Australian employers are still questioning their rights and obligations to enforce staff COVID-19 vaccinations, human resources firm Employsure states, as new industry mandates ramp up across New South Wales and Victoria.
The number of calls Employsure received from employers regarding the COVID-19 vaccine grew by 297 per cent over September, as NSW vowed to make vaccination mandatory for tens of thousands of public-facing workers ahead of ‘Reopening Day’.
Victoria followed suit in early this month, with the announcement that authorised workers will need at least one dose of the COVID-19 vaccine by 15 October before attending their work site.
“The call volumes have persisted and there definitely hasn’t been any drop coming into October,” Employsure business partner Emma Dawson told Business Insider Australia.
Months into the national vaccine rollout, mandate rules still present an “evolving territory” for Australian employers, Dawson said, with businesses fearing the risk of “penalties or employment claims.”
Workplaces not covered by government mandates or public health orders are free to enact their own in-house mandates, Fair Work says, so long as those businesses can prove the measures are “lawful and reasonable” under industrial relations law.
While some legal experts say businesses should have little problem proving their point in court, many businesses are still reluctant to risk drawn-out legal battles against their own employees.
“So that’s why we’re seeing so many calls, to ultimately help employers navigate that territory,” Dawson said.
Case law needed for businesses to make a stand
The bulk of the calls are coming from employers in the construction, retail, healthcare, and manufacturing industries, Dawson said.
The government mandates and public health orders facing those industries varies between jurisdictions, leading to a mixture of legal requirements nationwide.
And industries not directly addressed by the latest round of mandates must “navigate a sea of case law to find an answer,” Dawson said.
“Even then it’s still currently open to interpretation.”
“So it’s really important that there is a clearer position written into law so that businesses can confidently make decisions without fear of an employee making a claim.”
Employers seek answers on vaccine hold-outs
The questions faced by Employsure fall into five broad categories, Dawson said.
Businesses want to know if they can require an employee to get vaccinated; what rights an employee has under those circumstances; obligations for employers who don’t want to enforce staff vaccination; how to handle medical and religious exemptions; and which rules apply to reopening businesses after months-long shutdowns, particularly in NSW.
Of those questions, the first — which boils down to what an employer can do when workers are pushing back on vaccination, whether there is a mandate or not — is of chief concern.
It’s “a very common scenario that we’re coming across in our advice service,” Dawson said.
“It is very much situational, case by case, every business is different, every employee might be very different to manage.”
While circumstances vary, Dawson said employers should assess a few key possibilities before taking drastic action.
Businesses should first assess if a worker holds any valid medical or religious exemptions, and seek to accommodate those requirements while minimising any further health risks.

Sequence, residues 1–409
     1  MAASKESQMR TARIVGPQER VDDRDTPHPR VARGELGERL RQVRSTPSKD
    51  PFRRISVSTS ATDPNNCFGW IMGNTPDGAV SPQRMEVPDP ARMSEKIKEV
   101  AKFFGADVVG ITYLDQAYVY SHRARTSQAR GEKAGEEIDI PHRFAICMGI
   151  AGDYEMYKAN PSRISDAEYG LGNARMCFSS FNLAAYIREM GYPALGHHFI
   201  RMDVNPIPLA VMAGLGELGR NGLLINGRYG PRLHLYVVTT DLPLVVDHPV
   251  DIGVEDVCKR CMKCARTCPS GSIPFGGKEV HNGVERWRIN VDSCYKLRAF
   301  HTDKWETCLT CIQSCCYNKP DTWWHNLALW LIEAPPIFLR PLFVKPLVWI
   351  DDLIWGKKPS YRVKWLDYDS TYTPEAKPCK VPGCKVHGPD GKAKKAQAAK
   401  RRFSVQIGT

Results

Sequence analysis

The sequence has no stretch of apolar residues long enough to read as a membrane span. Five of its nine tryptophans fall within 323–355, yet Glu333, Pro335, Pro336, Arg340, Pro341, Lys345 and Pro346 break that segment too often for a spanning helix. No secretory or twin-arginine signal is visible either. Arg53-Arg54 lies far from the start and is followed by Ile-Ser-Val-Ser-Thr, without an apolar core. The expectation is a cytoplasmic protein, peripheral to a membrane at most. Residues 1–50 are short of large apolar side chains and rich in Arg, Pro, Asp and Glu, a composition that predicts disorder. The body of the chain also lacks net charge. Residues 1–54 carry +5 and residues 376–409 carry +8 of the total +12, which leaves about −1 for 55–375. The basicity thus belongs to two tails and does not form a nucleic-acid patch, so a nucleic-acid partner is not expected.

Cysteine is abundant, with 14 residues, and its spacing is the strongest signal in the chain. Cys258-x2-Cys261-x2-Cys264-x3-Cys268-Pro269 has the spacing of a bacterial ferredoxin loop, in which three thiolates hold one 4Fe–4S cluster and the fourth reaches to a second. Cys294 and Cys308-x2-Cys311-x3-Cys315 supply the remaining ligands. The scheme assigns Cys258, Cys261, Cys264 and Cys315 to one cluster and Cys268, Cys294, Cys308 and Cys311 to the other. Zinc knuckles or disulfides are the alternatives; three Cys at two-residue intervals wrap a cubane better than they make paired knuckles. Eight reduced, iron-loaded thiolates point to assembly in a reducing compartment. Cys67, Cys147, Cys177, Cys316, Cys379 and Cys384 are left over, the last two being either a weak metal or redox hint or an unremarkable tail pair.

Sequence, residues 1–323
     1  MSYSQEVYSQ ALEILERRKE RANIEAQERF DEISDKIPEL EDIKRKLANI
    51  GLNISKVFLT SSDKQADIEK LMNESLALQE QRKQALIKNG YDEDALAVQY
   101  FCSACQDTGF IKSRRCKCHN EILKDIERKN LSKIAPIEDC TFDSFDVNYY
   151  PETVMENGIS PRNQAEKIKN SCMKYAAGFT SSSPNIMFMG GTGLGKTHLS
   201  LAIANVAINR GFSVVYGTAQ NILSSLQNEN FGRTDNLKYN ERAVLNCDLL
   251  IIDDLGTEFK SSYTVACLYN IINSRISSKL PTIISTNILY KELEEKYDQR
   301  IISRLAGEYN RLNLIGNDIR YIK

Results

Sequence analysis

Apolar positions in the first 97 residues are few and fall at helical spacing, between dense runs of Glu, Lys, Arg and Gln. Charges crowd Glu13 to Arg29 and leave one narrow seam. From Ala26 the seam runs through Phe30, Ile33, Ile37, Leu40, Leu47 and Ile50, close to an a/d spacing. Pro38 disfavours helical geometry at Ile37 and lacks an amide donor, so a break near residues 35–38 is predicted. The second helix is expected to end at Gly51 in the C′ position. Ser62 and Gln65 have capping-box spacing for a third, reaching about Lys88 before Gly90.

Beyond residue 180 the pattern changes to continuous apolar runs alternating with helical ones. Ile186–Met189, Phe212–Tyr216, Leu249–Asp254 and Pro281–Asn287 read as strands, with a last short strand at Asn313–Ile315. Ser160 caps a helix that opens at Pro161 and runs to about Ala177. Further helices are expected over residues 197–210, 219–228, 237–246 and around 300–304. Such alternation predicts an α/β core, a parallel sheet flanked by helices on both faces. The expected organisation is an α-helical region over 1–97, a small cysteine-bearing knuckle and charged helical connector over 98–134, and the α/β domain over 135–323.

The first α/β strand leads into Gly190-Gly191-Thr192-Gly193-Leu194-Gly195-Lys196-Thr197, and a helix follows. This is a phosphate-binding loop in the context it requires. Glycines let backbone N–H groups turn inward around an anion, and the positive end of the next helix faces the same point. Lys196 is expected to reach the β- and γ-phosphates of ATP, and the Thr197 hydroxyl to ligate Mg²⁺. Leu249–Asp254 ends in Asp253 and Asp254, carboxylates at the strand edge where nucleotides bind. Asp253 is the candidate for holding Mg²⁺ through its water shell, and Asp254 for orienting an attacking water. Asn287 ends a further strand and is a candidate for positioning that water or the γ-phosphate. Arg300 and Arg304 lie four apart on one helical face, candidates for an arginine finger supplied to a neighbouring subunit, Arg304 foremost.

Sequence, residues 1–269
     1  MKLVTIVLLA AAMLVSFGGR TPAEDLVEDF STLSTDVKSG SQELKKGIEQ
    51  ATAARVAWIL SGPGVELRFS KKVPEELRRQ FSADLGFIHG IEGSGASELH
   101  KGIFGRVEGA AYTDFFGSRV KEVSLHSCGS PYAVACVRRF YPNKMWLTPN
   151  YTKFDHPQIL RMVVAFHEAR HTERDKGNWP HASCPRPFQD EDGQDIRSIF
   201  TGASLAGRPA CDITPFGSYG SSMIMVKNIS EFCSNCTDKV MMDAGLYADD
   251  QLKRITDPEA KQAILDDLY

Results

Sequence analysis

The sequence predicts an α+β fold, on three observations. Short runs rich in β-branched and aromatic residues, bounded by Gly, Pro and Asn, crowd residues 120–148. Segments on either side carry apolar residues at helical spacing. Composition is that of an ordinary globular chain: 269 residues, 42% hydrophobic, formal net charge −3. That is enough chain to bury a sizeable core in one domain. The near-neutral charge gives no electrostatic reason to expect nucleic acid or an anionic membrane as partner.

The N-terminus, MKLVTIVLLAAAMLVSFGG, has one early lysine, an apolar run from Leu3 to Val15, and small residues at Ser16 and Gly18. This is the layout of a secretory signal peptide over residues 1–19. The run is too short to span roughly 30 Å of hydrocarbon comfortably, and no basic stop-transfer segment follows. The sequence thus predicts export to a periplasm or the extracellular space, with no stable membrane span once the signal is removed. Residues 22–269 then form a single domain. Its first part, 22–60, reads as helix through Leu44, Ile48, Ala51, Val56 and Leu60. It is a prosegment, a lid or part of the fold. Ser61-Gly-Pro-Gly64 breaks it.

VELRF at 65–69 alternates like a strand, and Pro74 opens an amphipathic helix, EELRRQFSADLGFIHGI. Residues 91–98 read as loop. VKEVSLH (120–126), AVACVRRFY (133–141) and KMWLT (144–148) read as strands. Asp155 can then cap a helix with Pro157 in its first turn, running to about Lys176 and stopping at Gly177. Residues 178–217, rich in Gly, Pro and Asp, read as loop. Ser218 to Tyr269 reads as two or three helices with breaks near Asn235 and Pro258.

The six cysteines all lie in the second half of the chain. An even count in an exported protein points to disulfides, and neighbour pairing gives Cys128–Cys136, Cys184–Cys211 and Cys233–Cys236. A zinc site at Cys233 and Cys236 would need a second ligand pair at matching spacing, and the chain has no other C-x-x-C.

If an employee without one of those exemptions continues to avoid the jab, businesses should investigate whether they can be safely redeployed to another part of the business less likely to face the public or coworkers.
Employers may be able to negotiate work-from-home arrangements with some employees, Dawson said.
If all else fails, and an unvaccinated employee’s work conflicts with legal mandates, businesses may be free to look into “show cause meetings, capabilities meetings, and disciplinary processes, which can lead to outcomes of termination.”
Businesses forced to close as a result of their workforce not being vaccinated could consider looking into stand down provisions enshrined by the Fair Work Act, Dawson said, with employees put on unpaid leave.
Some unvaccinated workers may also be able to use annual or long-service leave as a buffer while they receive further health advice — a proposal already floated by retail giants like Bunnings.
But “leave is not forever, and if it is long term, termination is typically the likely outcome,” she added.
Communication with the workforce remains key
In all circumstances, businesses should keep an open line of communication with their employees regarding vaccination, Dawson said.
“They need to be consulting with their employees, and if necessary, any of their employees’ representatives about any measures or controls that have been implemented within the business, or the requirements to comply with any mandatory health orders.”
As businesses contend with mandates and employees yet to accept the jab, hesitancy rates are relatively low across the board, and overall vaccination rates continue to climb.
As of Thursday, 65.4% of Australians over the age of 16 have received at least one dose of the COVID-19 vaccine.
With one day to go before Victoria’s authorised worker vaccine mandate kicks in, 87.1% of the state has received its first dose.
Across the border in NSW, 91.4% of residents have rolled up their sleeve at least once.
Source: Thanks msn.com